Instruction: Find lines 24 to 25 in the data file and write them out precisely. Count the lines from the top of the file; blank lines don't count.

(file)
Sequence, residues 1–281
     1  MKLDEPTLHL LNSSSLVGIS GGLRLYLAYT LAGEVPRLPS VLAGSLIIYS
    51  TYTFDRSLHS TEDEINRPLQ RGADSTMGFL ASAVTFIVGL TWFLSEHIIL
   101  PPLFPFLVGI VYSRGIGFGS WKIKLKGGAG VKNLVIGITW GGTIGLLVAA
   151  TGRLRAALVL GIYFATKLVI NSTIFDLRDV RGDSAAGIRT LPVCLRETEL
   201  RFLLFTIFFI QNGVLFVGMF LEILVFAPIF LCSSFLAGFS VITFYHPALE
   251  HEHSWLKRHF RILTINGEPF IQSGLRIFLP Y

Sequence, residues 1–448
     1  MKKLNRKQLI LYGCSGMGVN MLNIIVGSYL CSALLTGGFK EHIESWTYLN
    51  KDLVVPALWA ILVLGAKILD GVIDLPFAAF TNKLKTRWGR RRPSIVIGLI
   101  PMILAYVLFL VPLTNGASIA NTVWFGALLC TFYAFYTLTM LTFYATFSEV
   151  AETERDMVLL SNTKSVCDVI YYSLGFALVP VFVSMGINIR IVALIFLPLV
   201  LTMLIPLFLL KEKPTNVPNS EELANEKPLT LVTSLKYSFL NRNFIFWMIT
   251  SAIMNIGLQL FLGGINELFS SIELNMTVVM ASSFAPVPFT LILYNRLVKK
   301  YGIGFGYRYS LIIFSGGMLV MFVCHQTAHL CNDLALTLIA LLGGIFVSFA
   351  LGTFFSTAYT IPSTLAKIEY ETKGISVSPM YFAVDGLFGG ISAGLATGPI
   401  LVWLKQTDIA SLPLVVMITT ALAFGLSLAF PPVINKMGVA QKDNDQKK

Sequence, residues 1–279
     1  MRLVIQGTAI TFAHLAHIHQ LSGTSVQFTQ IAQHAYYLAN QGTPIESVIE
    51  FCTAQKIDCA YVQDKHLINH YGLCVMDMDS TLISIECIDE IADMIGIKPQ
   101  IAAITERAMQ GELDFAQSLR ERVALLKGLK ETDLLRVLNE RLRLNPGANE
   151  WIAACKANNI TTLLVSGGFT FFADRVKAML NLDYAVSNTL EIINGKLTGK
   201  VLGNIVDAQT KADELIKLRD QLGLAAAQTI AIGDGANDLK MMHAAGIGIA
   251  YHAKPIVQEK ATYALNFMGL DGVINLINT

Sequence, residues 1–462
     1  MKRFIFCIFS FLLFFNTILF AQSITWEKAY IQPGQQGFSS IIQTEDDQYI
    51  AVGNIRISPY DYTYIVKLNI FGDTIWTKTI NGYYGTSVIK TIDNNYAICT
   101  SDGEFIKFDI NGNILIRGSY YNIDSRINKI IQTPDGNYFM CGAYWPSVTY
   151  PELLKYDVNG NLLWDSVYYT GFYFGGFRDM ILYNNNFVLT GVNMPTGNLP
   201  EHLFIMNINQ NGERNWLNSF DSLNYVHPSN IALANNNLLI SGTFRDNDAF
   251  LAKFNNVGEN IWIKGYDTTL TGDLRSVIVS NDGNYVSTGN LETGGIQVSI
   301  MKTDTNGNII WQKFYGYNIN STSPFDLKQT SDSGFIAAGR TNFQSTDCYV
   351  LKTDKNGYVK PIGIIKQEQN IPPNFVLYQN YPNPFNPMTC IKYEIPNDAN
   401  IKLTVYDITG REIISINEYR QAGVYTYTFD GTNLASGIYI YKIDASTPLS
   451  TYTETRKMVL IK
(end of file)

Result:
   251  YHAKPIVQEK ATYALNFMGL DGVINLINT

Sequence, residues 1–462